If a blog should be in a constant state of change to grow and survive then mine is like Japanese Knotweed. Since I first started all those years ago on Blogger there are two constants.
- I will delete a mass of posts on a whim.
- I will endlessly messing with how my site looks.
Being an eternal tinkerer means the temptation to switch the the latest and shiniest theme is great. The one problem is that means I spend more time on how the site looks than what it contains.
Being able to have hundreds of options means I want 100 different things, and when each option only fulfills 99% of my requirements I still demand the extra 1%. I want great not just good enough.
I understand that the fonts and colours are merely flourishes to the text, but I hold a lot more stock in style than substance. I want the perfect shade of red, and everything to line up perfectly.
Still I’ve come a long way from where I began:
The funny thing about my first theme is the way I was excited by the social icons. They move’d when you hovered over them and look at all the gradients. This was the height of skeumorphism and there is a certain ‘Apple’ feel to it all.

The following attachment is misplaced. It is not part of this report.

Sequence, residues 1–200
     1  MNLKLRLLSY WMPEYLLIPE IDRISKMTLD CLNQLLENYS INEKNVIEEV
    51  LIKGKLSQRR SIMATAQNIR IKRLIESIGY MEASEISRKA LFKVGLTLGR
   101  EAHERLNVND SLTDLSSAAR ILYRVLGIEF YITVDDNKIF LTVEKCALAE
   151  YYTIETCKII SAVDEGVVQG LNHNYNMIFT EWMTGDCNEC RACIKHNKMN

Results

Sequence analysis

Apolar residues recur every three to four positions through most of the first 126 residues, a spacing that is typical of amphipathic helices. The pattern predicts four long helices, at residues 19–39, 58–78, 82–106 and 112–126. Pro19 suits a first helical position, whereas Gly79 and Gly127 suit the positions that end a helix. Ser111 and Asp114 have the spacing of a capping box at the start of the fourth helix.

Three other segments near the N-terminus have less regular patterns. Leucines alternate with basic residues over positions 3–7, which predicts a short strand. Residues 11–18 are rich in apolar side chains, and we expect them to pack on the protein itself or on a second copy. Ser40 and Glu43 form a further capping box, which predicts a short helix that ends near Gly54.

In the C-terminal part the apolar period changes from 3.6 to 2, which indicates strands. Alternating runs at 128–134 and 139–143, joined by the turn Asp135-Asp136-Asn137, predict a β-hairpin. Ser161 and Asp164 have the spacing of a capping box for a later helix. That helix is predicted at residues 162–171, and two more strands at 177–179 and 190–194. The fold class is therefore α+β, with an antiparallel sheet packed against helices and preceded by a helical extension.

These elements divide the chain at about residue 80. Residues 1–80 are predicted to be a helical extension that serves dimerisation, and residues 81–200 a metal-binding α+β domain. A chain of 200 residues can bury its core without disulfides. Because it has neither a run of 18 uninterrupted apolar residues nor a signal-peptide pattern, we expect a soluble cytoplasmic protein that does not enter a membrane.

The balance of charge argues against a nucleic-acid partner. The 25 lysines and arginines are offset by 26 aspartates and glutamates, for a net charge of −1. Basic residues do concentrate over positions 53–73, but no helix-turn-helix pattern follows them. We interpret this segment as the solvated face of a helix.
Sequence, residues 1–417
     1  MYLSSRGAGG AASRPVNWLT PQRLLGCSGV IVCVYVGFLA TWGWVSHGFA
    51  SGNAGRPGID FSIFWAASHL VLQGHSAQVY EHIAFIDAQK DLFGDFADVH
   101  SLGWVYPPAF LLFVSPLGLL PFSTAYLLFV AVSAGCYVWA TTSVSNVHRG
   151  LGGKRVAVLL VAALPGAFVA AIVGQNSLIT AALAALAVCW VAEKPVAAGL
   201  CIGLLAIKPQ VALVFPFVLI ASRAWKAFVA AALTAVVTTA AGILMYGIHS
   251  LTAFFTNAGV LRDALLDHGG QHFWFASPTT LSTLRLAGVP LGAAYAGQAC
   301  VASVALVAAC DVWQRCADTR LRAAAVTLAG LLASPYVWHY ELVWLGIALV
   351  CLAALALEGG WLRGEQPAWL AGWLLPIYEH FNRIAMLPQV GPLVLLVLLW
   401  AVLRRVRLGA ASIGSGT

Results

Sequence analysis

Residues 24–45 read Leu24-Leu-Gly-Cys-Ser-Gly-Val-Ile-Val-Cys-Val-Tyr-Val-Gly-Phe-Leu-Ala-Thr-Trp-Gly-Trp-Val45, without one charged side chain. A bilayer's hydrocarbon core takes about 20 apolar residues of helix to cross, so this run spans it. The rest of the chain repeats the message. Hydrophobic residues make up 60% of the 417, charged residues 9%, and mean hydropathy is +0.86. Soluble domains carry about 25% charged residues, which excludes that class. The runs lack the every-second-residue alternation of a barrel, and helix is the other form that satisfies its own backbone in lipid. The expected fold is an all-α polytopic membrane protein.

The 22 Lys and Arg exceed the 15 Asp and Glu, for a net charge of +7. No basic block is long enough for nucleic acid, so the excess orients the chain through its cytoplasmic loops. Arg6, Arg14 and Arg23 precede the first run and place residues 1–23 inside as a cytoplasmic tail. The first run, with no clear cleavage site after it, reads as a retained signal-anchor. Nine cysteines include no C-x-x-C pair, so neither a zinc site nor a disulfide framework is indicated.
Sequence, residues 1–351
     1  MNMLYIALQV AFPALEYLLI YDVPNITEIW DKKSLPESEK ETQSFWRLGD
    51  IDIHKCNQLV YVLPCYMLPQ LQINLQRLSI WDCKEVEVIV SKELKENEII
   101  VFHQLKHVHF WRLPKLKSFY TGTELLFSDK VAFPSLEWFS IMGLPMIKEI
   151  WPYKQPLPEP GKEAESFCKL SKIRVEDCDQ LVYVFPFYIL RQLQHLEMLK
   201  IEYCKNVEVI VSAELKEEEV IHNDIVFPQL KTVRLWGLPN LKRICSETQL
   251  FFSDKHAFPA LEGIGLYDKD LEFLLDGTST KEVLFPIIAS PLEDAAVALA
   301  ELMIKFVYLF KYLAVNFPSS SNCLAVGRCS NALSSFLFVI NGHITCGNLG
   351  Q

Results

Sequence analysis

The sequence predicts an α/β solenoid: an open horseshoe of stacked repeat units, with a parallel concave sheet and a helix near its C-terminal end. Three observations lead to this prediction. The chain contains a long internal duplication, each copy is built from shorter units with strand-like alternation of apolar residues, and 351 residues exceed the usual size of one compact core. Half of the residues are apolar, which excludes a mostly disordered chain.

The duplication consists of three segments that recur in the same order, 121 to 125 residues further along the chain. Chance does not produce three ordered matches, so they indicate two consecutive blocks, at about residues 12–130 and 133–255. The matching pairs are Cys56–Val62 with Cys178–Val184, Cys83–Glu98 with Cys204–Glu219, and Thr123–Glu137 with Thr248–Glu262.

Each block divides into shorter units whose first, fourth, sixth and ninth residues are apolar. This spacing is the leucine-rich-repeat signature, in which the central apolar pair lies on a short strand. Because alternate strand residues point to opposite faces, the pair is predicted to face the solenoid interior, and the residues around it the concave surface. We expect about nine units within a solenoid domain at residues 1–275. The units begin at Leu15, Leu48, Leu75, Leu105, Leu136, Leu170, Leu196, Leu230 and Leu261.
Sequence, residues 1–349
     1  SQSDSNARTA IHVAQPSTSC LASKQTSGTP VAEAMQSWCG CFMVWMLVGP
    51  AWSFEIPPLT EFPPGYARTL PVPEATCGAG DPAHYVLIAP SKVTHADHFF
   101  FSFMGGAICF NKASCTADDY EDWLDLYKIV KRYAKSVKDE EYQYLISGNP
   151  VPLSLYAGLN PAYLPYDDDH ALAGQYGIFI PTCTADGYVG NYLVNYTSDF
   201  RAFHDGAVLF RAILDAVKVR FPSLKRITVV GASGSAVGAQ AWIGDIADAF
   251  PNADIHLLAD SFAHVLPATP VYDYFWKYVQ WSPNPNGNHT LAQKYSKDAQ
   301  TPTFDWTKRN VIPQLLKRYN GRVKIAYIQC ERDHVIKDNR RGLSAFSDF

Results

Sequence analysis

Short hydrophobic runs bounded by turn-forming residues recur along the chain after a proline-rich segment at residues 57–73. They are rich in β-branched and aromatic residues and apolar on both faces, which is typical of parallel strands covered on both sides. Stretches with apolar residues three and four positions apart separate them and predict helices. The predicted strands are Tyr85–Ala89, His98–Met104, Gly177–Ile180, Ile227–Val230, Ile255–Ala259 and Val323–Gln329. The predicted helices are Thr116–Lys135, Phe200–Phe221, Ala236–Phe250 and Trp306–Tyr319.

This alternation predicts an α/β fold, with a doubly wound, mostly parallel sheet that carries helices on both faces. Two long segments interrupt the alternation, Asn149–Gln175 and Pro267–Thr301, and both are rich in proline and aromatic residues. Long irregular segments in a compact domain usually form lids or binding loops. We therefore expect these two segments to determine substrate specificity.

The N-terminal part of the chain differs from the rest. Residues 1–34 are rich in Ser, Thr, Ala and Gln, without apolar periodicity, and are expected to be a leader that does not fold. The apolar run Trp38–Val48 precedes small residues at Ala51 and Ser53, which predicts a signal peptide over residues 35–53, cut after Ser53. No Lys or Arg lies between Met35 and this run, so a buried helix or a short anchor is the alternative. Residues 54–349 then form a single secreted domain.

Since then I have added and removed columns, had small and large featured images and a myriad (pro) of fonts. There are a number of discarded themes sitting in my library.
This restlessness frustrates Mrs G, who suggests rather than deleting posts, changing colours, renaming posts, altering tags and anything else that is cosmetic I should just sit down and write.
But I work in digital marketing, and know that small changes can lead to much bigger things. It’s why Google and Facebook are always experimenting on us. They subtly change colours and shapes and it is all designed to increase user interaction. Maybe that’s what I’m doing?
It’s not. I just like messing around. Being computer literate does not mean I’m a coder. The world of HTML and CSS is still foreign to me, but messing around with the formatting is my way of learning. I now know what hover does (and can use it to make 3D buttons) as well as adding icons and fixed headers (all things I have done to the Twenty Sixteen template). This is all information I can now use in my day job, it’s like it was a good thing.
Now things are looking like I want I can move on to the next step, changing all the tags (as well as checking all my title capitalisation). The changes will continue until it is all done. Often that means destruction.
I don’t want everything to be great, I don’t want it to be perfect. I want flaws and problems and the challenge of meeting them head on. Once my blog is where I want it to be then I will weep for I will have no more to post.
How it looks may be the final flourish, but with a flourish it can all be gone again.